This dri­ve to util­i­ty is some­thing that is being embraced across the sport. In this year’s Mona­co Grand Prix in May, the sport’s lead­ing tick­et provider, Plat­inum, used blockchain tech­nol­o­gy to offer fans NFT tickets.

The idea was tak­en a step fur­ther at the Dutch Grand Prix in late August, where NFT-tech­nol­o­gy was used to pro­vide fans with a series of inter­ac­tive dig­i­tal col­lectibles as part of their race tick­et packages.

The use of the word col­lectibles here is no coin­ci­dence. “We very specif­i­cal­ly call them col­lectibles, not NFTs.” said Maarten Bloe­mers, CEO of GET Pro­to­col, the product’s design­er. “I’m a cryp­to guy, but do I describe myself as such to poten­tial clients? Hell, no. The rep­u­ta­tion­al dam­age that cryp­to has suf­fered is enor­mous. Peo­ple are very wary of get­ting into bed with a cryp­to company.”

The rep­u­ta­tion­al dam­age that cryp­to has suf­fered is enor­mous. Peo­ple are very wary of get­ting into bed with a cryp­to company

Maarten Bloe­mers, CEO of GET Protocol

Bloe­mers’ con­cerns stem from the fact that NFTs have per­formed even worse than more well known cryp­tocur­ren­cies dur­ing the bear mar­ket. Accord­ing to Forkast Labs’ flag­ship NFT 500 Index, the aver­age NFT has dropped in val­ue by 93.43% since the heights of the mar­ket in Jan­u­ary 2022. The slump has showed no signs of abat­ing either: while the likes of Bit­coin have seen a recov­ery in 2023, sales of NFTs have dropped by 49% this year alone.

Bloe­mers believes the way to over­come this is to avoid the asso­ci­a­tion with the NFT acronym alto­geth­er. “We basi­cal­ly sell it as a blank can­vas,” he said. “What we want to do is bring the tech­nol­o­gy to the gen­er­al pub­lic with­out fric­tion. They don’t have to know that it’s a blockchain. They don’t have to real­ly know any­thing about it. They need to push a but­ton and see magic.”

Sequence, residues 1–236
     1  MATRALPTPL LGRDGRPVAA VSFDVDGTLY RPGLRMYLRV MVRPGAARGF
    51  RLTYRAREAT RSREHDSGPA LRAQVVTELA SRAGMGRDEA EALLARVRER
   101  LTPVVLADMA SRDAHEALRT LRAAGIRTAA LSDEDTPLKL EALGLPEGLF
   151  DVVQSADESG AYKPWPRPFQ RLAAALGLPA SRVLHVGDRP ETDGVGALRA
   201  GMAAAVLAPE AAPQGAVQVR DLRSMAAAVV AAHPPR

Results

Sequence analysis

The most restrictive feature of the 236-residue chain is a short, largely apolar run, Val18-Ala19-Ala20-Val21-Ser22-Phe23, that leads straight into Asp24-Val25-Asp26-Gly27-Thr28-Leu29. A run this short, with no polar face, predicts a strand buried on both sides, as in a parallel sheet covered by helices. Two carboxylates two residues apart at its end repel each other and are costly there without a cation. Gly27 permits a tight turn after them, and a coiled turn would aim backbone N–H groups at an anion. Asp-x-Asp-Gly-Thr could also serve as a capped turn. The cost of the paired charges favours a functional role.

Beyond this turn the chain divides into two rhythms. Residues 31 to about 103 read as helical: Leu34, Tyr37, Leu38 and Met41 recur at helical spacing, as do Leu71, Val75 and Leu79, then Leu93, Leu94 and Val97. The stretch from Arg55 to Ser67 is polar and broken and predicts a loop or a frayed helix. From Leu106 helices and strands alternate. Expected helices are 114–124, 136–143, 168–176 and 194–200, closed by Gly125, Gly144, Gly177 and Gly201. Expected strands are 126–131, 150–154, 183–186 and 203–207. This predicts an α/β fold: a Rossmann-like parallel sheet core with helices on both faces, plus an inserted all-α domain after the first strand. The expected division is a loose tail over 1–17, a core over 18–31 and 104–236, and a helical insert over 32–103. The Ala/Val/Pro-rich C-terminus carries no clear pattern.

He fore­sees these dig­i­tal col­lectibles as ini­tial­ly pro­vid­ing the basis for a loy­al­ty scheme (which could even­tu­al­ly be expand­ed to cre­ate a reg­u­lat­ed sec­ondary mar­ket for tick­ets); as a means to access inter­ac­tive fea­tures on race day, such as a real-time pre­dic­tion mar­ket; or for vot­ing for dri­ver of the day.

The col­lectible tick­et was offered as a free opt-in to every­one who bought a tick­et, with almost a quar­ter of the 100,000 spec­ta­tors choos­ing to inter­act with the collectible.

Bloe­mers sus­pect­ed that many of those were already con­vert­ed. “I expect that a lot of the adop­tion will be basi­cal­ly nerdy boys like me, right? But again, it real­ly depends on the util­i­ty. If we want to dri­ve peo­ple to Web3, they will be pre­pared to go through an extra step or two if there is some­thing at the end of the tun­nel for them. Get­ting the gen­er­al pub­lic to adopt this tech­nol­o­gy in the same way as email or the Inter­net means you need to build prod­ucts that actu­al­ly add val­ue to the gen­er­al pub­lic with­out adding friction.”